the whole community had bought into the project. and through the indigenous population. Studies and Observation Group (MACV-SOG) or the Ofﬁce of Strategic Services (OSS) in World War II. He painted just enough himself to inspire and instruct his surrogates. These military students would break down the speciﬁc caveats listed and create a checklist of operations that fall into the category of “UW. Tom co-opted his friends and neighborhood pals to paint the fence for him. as you may recall.S. that this type of warfare is at best only a supporting effort to the decisive blow provided by large-scale maneuver forces or. Vietnam. and through or collecting intelligence and conducting operational preparation of the environment by.JSOU Report 06-6 an external source. wrongly. In an unconventional war 2 . Whether the job is direct action. based largely on my command experiences in Afghanistan. It is often thought (wrongly) that UW is just training and combatadvising indigenous forces on the battleﬁeld. with. with. or sabotage and subversion. I have a very direct and personal view of UW. It includes guerrilla warfare and other direct offensive. and through indigenous people. with. you are conducting UW. While the study of joint publications. even worse. special reconnaissance. if the focus is on doing it by. and evasion and escape. that UW is an unrealistic option in future war. consider it UW. In the end. sabotage. Tom was tasked to whitewash a fence in front of his aunt’s home.” Many would then argue. certainly not the whole. you are conducting UW. and through others. Early in that book. and American military history is certainly worthwhile. historians studying UW would focus on the days of the U. intelligence activities. If you are ﬁghting by. low visibility. the fence got painted. In order to accomplish this task. Also called UW. They would discuss the crucial ability of these UW operators to mingle with the local forces in order to gain both popular support and ground truth intelligence. covert. If you are operating by. I believe the crux of what we need to know about UW can be found in a book we all read back in the 8th grade—Mark Twain’s Tom Sawyer. or clandestine operations as well as the indirect activation of subversion. with. In fact. In contrast. that is only a part of UW. Military Assistance Command. and Tom did not get paint splashed all over himself. Army manuals.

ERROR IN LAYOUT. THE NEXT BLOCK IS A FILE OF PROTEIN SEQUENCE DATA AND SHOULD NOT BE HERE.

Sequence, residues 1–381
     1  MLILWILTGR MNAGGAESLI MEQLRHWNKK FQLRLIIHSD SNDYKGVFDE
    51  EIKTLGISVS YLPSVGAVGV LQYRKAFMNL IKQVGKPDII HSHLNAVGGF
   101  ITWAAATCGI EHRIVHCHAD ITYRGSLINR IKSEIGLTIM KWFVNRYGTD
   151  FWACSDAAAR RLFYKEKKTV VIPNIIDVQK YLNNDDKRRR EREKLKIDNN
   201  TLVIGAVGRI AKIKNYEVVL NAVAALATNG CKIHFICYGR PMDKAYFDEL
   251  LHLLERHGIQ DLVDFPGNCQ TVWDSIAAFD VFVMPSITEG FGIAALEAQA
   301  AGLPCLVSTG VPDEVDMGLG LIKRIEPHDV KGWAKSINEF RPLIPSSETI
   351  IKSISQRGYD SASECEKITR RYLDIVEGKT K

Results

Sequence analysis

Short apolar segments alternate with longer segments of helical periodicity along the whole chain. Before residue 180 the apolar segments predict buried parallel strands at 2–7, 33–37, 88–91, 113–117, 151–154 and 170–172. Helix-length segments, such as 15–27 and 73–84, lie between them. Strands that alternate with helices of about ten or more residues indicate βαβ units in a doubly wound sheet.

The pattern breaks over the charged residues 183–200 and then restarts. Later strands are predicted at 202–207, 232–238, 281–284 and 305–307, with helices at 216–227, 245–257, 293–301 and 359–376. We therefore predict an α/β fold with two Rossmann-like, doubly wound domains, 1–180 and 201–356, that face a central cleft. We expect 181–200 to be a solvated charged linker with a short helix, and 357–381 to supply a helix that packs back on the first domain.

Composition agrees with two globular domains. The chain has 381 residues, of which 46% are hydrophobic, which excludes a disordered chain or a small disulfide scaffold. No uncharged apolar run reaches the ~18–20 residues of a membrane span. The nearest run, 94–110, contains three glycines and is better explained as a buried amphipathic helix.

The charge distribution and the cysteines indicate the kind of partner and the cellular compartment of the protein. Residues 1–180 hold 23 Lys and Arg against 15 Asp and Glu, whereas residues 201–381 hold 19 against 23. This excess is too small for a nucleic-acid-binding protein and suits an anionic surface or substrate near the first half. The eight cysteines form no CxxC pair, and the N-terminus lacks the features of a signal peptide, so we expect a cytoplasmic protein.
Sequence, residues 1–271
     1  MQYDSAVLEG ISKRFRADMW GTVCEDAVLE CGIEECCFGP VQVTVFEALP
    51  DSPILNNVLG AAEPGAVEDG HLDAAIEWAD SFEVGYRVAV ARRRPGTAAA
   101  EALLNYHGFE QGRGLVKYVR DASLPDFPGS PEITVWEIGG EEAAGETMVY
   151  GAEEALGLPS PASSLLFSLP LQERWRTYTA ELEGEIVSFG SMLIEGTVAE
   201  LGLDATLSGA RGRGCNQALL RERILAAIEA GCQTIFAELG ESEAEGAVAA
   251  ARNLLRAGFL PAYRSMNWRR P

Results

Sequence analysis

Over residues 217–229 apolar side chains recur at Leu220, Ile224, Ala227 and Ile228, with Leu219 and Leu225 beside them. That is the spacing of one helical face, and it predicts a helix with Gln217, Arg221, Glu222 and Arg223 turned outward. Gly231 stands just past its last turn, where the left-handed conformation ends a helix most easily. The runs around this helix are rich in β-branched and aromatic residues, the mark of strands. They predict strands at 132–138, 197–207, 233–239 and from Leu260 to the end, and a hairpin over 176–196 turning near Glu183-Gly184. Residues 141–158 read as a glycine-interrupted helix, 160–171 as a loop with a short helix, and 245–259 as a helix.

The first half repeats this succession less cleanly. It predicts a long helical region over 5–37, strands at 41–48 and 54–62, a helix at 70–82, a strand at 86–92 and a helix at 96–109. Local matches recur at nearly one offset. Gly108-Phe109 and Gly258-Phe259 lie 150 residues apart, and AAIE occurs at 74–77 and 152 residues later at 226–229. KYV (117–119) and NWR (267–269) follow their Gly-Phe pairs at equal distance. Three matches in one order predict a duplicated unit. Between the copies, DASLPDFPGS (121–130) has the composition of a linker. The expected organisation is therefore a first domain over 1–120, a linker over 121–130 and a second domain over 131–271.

try too hard to win this war single-handedly. They think that if you don’t parachute into occupied territory. In fact. and through others. the OSS did six decades ago. There is no Blitzkrieg in UW. and throw an occupying army like through” others. In more cases than not. only a longterm approach will help deliver victory. Some armchair generals. The vast majority of the actionable and reliable intelligence we have in that region comes from SF troopers working by. other nations and other cultures. it is not UW. The hard cold facts are that if we. The very deﬁnition of victory in this war is when others. and through others. legacy-thinking academics. This type of unconventional war requires an unconventional strategic concept combined with strategic patience (perseverance) by the American government as well as its people. with. Unilateral force is only used as a last resort. CJSOTF-A motto: “by. and overFigure 1. with. police their societies properly so that those same societies aren’t terrorist-breeding grounds or safe havens from which terrorists can attack our homeland again.Bogart: One Valley at a Time the default force of choice should always be the indigenous force. We have over a dozen Special Forces (SF) A-camps in Afghanistan alone tasked to do UW. It is a war that is best fought using the indirect approach. This problem—the war on terror—has unconventional aspects to its nature. Even if tactically successful.S. a unilateral operation may ultimately lead to failure by unseating the very indigenous capability you are trying to build. with. but a global unconventional war. the U. it is the 3 . we’ll lose it. That alone dictates that this war is not a traditional maneuver war. The only way to win our current war is by. we are conducting UW every day in this war. What does this academic discussion have to do with the ongoing war? The ﬁrst thing leaders must do in any situation is to grasp and deﬁne the problem. link up with a partisan group. military. and poorly informed professionals may say that we will not conduct UW in modern times.